Work towards having your child gives the dog cues (with dog’s owner ensuring that the dog complies). Seeing a dog respond correctly to what she asks will help her feel safe.
It’s best for her to work steadily with one dog until she feels very comfortable before adding another. Once she has met and likes three calm adult dogs, begin thinking about introducing her to a puppy. Puppies are bouncy and outgoing, which can be unnerving for a tentative child. Again, let her start out at a distance, simply observing the puppy’s behaviour.
Take it slow. It’s much better to teach your child to be a skilled observer of animal behaviour than it is for her to be thrown into situations that frighten her. With patience and time, she will learn that there are many gentle, social dogs, and she’ll be able to interact safely and calmly with new dogs she meets. That’s far, far safer than having her remain afraid of all dogs.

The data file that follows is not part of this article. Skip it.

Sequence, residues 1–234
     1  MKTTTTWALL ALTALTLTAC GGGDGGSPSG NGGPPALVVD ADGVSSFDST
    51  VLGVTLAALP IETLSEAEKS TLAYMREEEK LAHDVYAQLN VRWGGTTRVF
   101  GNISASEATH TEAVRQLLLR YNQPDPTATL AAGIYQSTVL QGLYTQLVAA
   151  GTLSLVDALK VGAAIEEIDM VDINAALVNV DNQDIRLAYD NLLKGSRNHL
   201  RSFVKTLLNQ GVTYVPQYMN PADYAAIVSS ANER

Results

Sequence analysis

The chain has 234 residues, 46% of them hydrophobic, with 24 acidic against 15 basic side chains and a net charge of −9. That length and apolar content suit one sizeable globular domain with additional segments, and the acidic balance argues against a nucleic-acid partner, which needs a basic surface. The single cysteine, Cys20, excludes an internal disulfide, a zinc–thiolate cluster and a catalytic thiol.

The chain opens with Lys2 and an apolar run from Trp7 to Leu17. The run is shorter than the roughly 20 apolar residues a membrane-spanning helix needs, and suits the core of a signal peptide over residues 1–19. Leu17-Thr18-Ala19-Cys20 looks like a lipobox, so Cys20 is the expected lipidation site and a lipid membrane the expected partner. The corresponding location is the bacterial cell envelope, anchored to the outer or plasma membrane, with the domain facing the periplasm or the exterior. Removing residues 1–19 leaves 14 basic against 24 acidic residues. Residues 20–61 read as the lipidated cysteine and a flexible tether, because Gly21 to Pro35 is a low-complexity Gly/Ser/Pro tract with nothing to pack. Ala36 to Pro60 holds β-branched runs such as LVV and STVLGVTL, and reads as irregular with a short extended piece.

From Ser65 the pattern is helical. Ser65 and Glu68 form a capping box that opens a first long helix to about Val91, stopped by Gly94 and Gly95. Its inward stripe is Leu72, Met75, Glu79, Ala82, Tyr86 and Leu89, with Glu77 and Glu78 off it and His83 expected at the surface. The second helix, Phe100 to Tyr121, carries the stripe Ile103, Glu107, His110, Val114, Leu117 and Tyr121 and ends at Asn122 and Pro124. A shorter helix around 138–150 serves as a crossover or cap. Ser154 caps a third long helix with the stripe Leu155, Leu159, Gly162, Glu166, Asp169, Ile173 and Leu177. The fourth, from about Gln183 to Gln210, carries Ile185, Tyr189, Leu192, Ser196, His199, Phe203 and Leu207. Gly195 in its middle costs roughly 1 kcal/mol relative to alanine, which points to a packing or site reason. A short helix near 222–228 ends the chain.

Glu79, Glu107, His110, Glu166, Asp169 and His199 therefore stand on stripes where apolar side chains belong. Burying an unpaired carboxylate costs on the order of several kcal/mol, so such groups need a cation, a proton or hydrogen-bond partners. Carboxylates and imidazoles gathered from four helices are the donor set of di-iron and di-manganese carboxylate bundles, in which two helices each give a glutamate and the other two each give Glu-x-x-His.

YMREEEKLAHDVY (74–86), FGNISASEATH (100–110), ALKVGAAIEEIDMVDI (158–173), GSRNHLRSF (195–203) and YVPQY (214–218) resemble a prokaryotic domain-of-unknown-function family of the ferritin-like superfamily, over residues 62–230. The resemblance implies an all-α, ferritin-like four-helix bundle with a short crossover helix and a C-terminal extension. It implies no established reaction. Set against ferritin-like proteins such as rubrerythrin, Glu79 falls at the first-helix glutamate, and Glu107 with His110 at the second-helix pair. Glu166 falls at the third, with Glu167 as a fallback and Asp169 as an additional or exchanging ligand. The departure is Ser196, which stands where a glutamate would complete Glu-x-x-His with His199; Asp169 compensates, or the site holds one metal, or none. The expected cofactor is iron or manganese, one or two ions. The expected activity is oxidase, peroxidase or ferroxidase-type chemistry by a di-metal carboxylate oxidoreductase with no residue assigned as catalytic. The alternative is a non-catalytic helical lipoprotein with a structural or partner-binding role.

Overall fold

On a concluding note…
It’s important not to blame kids for being kids or dogs for being dogs. Let’s be realistic; it’s impossible to control someone else’s behaviour 100 percent, be it dog or child. We parents can, however, teach dogs and kids to enjoy each other’s company more by building an understanding of each other’s behaviour—and in doing so, we will decrease that scary number of annual dog bites and help ensure that our children are not bitten.
(Colleen Pelar, CPDT, CDBC, is the author of Living with Kids and Dogs . . . Without Losing Your Mind. Since 1991,she has been the go-to person for parents trying to navigate kid-and-dog issues. Because a knowledgeable adult can improve every interaction between a child and a dog, Colleen is committed to educating parents, children, and dog owners on kid-and-dog relationships. For more information, visit http://www.livingwithkidsanddogs.com.)